Point: Why It’s Important to Completely Open the Economy

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Tens of millions of Americans are fully vaccinated and tens of millions more are halfway there. For the first time in a long time, things are looking up. There’s no shortage of experts warning about the dangers of being lulled into a false sense of security, but plenty of others think that enough has long been enough. The real danger, they say, can be found in “closed” signs, empty cash registers and workdays spent making Zoom calls in pajamas. 

The Other Side: Experts Weigh In on Why We Need to Keep the Economy Closed Until It’s Safe

There Was a Time When a Full Shutdown Could Have Saved the Day

Difficult but decisive action could have made all the difference early on, but that window is long closed. 

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“If we wanted to take the view that any interruption of the economy ultimately causes more harm than the virus could have posed, then we should have remained open and dealt with its potential consequences,” said economic and financial analyst Chris Motola of MerchantMaverick.com. “What we ended up doing instead is fail to control the spread of the virus while completely disrupting people’s lives and livelihoods–in other words: the worst of both worlds.”

The reality is that the country might have few alternatives at this point beyond either fully opening or more of the same half-measures. 

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“It may be that a full lockdown is politically impossible in the U.S., in which case we’re really just dragging out the social and economic pain with a partial lockdown and should move toward reopening,” Motola said. 

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The Immune Population Is Big and Getting Bigger

Janet Alvarez, a personal finance expert at Wise Bread, is one of the millions of Americans who see the mass immunizations of the last few months as the all-clear they’ve been waiting for. 

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Now that nearly 20% of the population has received at least an initial dose of the COVID vaccine, it may be time to consider re-opening long-closed sectors of the economy deemed higher-risk to the fully vaccinated,” Alvarez said. “For example, sporting events, concerts, bars, nightclubs, indoor dining and activities, etc. can all now be safely opened to those who are vaccinated.” 

This is especially true, Alvarez added, given the updated Centers for Disease Control and Prevention guidance from March 8 that the fully vaccinated can now congregate indoors without masks or social distancing.

The Original Intent of the Shutdown Has Been Met

Sean van der Wal, managing partner at Silicon Valley private investment firm Drawing Capital, is a bit more adamant. 

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“The economy should be reopened as soon as possible,” van der Wal said, using statistics from Johns Hopkins and The New York Times to back up his case. “Now, in fact. The original intent behind closing the economy was to ensure that hospitals and ICUs had enough capacity to meet demand. We can safely open the economy now, knowing full well that hospitals have plenty of capacity to help patients.”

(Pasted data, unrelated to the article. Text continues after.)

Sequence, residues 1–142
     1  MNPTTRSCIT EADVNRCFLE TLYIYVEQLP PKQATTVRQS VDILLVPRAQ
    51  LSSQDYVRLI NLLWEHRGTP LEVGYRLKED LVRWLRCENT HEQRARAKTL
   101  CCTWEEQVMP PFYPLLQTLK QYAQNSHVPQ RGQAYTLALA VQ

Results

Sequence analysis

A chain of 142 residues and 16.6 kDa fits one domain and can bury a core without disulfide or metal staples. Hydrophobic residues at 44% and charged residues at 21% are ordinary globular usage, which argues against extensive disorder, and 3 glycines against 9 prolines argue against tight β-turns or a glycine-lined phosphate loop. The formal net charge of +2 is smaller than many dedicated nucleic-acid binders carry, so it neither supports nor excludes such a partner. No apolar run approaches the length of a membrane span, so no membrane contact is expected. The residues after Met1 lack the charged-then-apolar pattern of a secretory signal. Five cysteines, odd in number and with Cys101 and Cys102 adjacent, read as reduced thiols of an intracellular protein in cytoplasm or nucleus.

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Also, according to van der Wal, it’s mom-and-pop businesses and vulnerable populations who stand to suffer the most from a continued shutdown. 

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“Dragging out closures any longer just ensures that small businesses continue to lose money and the wealth divide continues to widen,” he said. 

People Have Learned, Evolved and Can Self-Police

Dr. Tenpao Lee is a professor of economics at Niagara University with a Ph.D. in economics from Iowa State University. He’s confident that the last year has been a learning experience that taught at-risk individuals how to navigate safely through a newly opened economy.

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“The pandemic has changed everything,” he said. “Most people have learned and adjusted to living with COVID-19. So, even if we open the economy fully, the economy will not be back to normal fully. Travel demand may take years to recover, work at home may become permanent for some industries, masks may be a part of our daily lives, large gatherings may not be desirable in the near future, etc. Hence, opening the economy fully only means letting people make their own decisions and allowing flexibility for efficiency. The economy will open slowly at its own pace shaped by the invisible hand. Therefore, with vaccines being gradually available to everyone by the end of May, we should open the economy fully and people will behave cautiously for their self-interest. The risk to have a second pandemic should be low.”

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Last updated: March 11, 2021

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About the Author

Andrew Lisa has been writing professionally since 2001. An award-winning writer, Andrew was formerly one of the youngest nationally distributed columnists for the largest newspaper syndicate in the country, the Gannett News Service. He worked as the business section editor for amNewYork, the most widely distributed newspaper in Manhattan, and worked as a copy editor for TheStreet.com, a financial publication in the heart of Wall Street's investment community in New York City.
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